Walk in the light

Walk in the light, and thou shalt know
  That fellowship of love
His Spirit only can bestow,
  Who reigns in light above.
Walk in the light, and thou shalt find
  Thy heart made truly His;
Who dwells in cloudless light enshrined,
  In whom no darkness is.
Walk in the light, and sin abhorred
  Shall ne’er defile again;
The blood of Jesus Christ the Lord
  Shall cleanse from every stain.
Walk in the light, and e’en the tomb
  No fearful shade shall wear;
The glory shall dispel the gloom,
  For Christ hath conquered there.
Walk in the light, and thou shalt own
  Thy darkness passed away,
Because that light hath on thee shone
  In which is Perfect day.
Walk in the light, thy path shall be
  Serene and clear and bright;
For God, by grace, shall dwell in thee,
  And God Himself is Light.
Ana Lara

Storrs, Connecticut, United States

About the time “Thou art the Everlasting Word, ” was being sung, another hymn was also popular among the various congregations:

“Walk in the light, so thou shalt know

That fellowship of love

His Spirit only can bestow,

Who reigns in light above. ”

Bernard Barton, commonly known as the

“Quaker Poet” is its author.

Some references say Barton was born in Carlisle, where his father, who belonged to a notable Quaker family, was in business as a cotton manufacturer. But a letter written by the poet, which came to the attention of the author of “Stories and Sketches of Our Hymns and Their Writers, ” states that Barton was born in London on January 31, 1784 shortly after his parents moved to London.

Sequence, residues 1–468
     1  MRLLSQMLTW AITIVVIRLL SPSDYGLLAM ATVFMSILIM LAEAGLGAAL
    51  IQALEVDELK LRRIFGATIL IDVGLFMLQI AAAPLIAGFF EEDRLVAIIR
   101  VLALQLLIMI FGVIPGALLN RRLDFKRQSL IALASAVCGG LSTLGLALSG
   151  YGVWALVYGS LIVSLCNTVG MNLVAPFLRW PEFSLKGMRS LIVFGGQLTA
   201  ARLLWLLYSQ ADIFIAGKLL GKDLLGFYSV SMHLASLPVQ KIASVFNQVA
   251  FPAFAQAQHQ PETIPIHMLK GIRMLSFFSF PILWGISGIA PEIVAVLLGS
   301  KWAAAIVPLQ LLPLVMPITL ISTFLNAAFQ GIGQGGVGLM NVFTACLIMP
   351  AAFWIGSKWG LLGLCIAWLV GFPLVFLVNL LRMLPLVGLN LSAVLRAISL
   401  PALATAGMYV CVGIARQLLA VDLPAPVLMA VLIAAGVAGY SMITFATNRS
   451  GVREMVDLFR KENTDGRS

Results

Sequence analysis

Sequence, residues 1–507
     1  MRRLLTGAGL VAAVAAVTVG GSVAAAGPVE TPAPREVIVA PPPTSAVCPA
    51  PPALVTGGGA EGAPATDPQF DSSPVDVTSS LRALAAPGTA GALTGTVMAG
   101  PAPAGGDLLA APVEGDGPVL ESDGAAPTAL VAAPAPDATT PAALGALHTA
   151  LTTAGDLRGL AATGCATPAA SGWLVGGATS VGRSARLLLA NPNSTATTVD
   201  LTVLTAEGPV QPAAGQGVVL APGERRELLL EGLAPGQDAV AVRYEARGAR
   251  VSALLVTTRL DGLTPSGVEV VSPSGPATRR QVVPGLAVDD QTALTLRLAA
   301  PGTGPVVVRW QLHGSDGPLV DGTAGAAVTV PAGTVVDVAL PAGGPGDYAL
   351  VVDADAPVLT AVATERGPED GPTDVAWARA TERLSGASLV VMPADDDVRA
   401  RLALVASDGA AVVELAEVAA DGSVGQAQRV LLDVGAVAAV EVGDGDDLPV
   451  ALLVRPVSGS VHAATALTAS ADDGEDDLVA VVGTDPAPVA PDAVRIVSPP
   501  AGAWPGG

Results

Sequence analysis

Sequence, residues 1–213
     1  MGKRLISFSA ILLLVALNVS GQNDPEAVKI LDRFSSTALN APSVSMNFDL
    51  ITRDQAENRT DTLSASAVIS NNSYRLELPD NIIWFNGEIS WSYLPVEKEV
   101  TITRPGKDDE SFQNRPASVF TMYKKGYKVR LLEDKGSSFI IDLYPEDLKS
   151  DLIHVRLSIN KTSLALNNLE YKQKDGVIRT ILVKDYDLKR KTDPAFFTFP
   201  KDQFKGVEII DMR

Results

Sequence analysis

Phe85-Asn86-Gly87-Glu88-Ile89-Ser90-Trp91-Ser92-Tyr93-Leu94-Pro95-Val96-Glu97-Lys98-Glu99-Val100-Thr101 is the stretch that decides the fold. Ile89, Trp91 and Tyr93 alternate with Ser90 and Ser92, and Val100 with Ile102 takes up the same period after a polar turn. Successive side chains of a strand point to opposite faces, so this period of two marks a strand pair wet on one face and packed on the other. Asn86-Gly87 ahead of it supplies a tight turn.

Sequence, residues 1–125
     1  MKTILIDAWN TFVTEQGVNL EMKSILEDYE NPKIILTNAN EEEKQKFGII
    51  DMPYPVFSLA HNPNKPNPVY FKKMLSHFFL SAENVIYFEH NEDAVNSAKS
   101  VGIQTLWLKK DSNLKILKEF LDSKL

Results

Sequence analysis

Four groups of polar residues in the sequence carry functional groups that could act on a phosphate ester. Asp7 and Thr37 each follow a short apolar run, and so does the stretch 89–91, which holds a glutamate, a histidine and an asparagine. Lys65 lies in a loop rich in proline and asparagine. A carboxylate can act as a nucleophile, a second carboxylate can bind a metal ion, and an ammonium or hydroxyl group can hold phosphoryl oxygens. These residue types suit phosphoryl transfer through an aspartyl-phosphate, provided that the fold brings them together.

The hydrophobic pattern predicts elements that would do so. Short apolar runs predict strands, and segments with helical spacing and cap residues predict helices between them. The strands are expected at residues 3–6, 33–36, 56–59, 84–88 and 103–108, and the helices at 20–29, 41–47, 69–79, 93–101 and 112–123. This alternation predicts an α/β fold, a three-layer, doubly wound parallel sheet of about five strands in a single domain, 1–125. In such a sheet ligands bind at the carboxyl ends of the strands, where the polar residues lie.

Bernard Barton was sent to a Quaker school at Ipswich, and when he reached the age of fourteen, became an apprentice to a shopkeeper at Halstead in Essex. After eight years of service he moved to Woodbridge, Suffolk, where he entered into partnership with his brother-in-law as a coal and corn merchant. Following the death of his young wife, within a year of their marriage, Barton became unsettled and abandoned the business. He went to Liverpool, where he was employed as a tutor in the family of a city gentleman but remained with them for only for a brief period of time. He then returned to Woodbridge where he became a clerk in a bank. He held this position until his death on February 19, 1849.

The poetical works of Bernard Barton are numerous and attracted the attention of the English poet Robert Southey, whose character was opposite from Lord Byron’s. For a number of years, Bernard received a pension of 100 pounds a year by the recommendation of Sir Robert Peel. From his works, over twenty hymns have been selected and are being used at the present time, the best known being “Walk in the Light. ”

Steve Husting

Fountain Valley, California, United States

When the Spirit illuminates the Lord's glory, we see life with new eyes. Walk in that light.

Sunny Olatunji


Hallelujah... AMEN


Abuja, Nigeria, Central African Republic

Draw me nearer Lord, to Thy bleeding side...